President Barack Obama is expected to announce executive actions that would shield 5 million undocumented immigrants from deportation Thursday, and it is clear that views on this subject differ.
At least, that's true for non-economists. Economists--a group that generally doesn't agree on much--seem to agree for the most part on the value of immigration. They argue that immigration--especially of skilled immigrants--is good for a nation. Not only does immigration increase the pace of innovation, it also helps improve the performance of the entire economy. So if you wish to see the economy of the United States improve, you should be in favor of immigration.
Despite this consensus, Harvard law professor Cass Sunstein has recently noted that people tend not to listen to economists on this subject. Sunstein offers some thoughts on why economists are ignored, but misses one possibility. Perhaps the problem isn't the story. Perhaps the problem is with how the story is being told.
Those who teach sports and economics (such as myself) often argue that the study of sports often makes economics easier to understand. With that in mind, let's think about sports and the economics of immigration.
As recently as 1980, almost all NBA players were born in the United States. Over the next three decades, though, the NBA increasingly broadened its search for talent. Today, about 20% of the league was born outside the United States.
Perhaps no team better exemplifies the global search for talent than the San Antonio Spurs. Last season the Spurs finished with the best record in the regular season. And in June, the Spurs won the NBA title.
There were 19 different players who logged regular season minutes for the Spurs in 2013-14. Of these, 9 were born outside the United States. Among this collection of international players were some of the most productive players the Spurs employed:
- Marco Belinelli (born in Italy, 6.7 Wins Produced)
- Manu Ginobili (born in Argentina, 5.9 Wins Produced)
- Patrick Mills (born in Jamaica, 5.0 Wins Produced)
- Tiago Splitter (born in Brazil, 4.2 Wins Produced)
- Boris Diaw (born in France, 3.8 Wins Produced)
- Tony Parker (born in France , 3.6 Wins Produced)
- Corey Joseph (born in Canada, 2.8 Wins Produced)
These seven international players combined to produce about 32 wins for the Spurs, or more than half the games the team won in the regular season last year. Needless to say, without these players the Spurs would not have contended for a title.
This story goes beyond the NBA. A similar story can be told by the Detroit Tigers. The Tigers have won four consecutive division titles. And no team in Major League Baseball has won more regular season games since 2011. Three key players in this team's success are Miguel Cabrera (American League Triple Crown winner in 2012), Victor Martinez (2nd in American League MVP race in 2014) and Anibal Sanchez (led American League in earned run averages in 2013). And all three were born in Venezuela.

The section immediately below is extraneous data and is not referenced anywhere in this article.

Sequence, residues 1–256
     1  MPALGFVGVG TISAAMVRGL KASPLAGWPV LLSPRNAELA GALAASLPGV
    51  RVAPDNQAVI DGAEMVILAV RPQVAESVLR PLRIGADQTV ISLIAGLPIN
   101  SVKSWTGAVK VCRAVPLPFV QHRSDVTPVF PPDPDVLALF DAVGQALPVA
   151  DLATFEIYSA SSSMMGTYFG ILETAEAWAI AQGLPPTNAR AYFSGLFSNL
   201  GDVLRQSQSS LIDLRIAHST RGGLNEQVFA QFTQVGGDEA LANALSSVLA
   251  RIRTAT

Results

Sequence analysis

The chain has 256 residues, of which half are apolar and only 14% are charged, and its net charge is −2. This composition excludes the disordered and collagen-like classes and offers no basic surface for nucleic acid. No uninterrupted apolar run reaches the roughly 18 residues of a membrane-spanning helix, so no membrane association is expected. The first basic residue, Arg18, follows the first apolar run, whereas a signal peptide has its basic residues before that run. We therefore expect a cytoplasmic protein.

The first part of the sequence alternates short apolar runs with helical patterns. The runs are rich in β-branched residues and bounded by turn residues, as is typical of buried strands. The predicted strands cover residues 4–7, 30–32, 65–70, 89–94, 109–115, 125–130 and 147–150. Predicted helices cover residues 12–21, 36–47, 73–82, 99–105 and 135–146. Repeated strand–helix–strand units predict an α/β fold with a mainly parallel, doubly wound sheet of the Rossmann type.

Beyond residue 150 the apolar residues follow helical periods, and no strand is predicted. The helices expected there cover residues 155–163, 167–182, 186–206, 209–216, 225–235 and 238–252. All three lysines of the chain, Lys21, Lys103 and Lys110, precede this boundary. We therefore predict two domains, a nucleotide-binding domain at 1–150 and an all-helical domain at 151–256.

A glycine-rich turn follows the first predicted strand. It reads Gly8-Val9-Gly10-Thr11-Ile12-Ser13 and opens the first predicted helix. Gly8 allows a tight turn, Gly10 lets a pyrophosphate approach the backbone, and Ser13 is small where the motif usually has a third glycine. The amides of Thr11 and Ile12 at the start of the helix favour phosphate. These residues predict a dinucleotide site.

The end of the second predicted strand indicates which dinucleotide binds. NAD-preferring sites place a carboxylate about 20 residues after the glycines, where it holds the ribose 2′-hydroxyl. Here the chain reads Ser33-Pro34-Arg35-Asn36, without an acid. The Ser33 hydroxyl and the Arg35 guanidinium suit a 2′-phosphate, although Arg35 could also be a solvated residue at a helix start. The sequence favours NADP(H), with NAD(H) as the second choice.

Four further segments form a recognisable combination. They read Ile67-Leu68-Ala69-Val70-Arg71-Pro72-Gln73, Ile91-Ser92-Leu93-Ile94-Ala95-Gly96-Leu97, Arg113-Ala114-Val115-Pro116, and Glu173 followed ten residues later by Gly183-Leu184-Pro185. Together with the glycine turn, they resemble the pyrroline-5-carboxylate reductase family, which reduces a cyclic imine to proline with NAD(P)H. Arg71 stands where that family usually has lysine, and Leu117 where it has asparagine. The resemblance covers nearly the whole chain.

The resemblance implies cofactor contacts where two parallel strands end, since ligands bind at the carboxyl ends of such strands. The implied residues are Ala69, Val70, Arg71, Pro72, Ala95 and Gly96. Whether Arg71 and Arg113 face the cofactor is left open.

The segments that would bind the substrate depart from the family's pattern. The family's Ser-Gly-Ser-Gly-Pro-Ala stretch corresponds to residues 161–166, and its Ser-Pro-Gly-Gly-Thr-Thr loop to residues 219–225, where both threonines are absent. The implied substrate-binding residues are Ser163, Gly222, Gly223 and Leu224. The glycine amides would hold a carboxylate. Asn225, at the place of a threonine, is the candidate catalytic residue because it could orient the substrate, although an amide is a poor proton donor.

Clearly immigration has worked for the Spurs and Tigers. And immigration doesn't just make these two teams better. It also improves the product offered by their respective leagues. By expanding the population of talent a league draws upon, competitive balance in a sport can improve. In addition, without immigration, talents like Robinson Cano, Jose Abreu, Jose Altuve, Felix Hernandez, Johnny Cueto, Joakim Noah, Ricky Rubio, Serge Ibaka, Dirk Nowitzki and Kyrie Irving would be playing outside the United States. And if all this talent were employed elsewhere, it would be more difficult for the NBA and MLB to maintain their status as the preeminent league in their respective sports.
All of this teaches a simple and important lesson. If you want to be the best in the world, you have to employ the best in the world.
However you define "best," it is clear that you can't be the "best" without employing the "best" talent. If you restrict your talent search to the population born in the United States--less than 5% of the world population--your odds of employing the "best" talent seem fairly low.
So the world of sports teaches a clear lesson on immigration. The search for talent can't be confined to the borders of a single nation. Firms in the United States compete in a global marketplace. The success of these firms, whether they are in or out of sports, depends on the talent these firms can employ. If you wish to employ the best talent, your talent search must be global. And that means your borders have to be open.
David Berri is a professor of economics at Southern Utah University. He is the lead author of The Wages of Wins and Stumbling on Wins and continues to serve on the editorial board of bothJournal of Sports Economics and the International Journal of Sport Finance.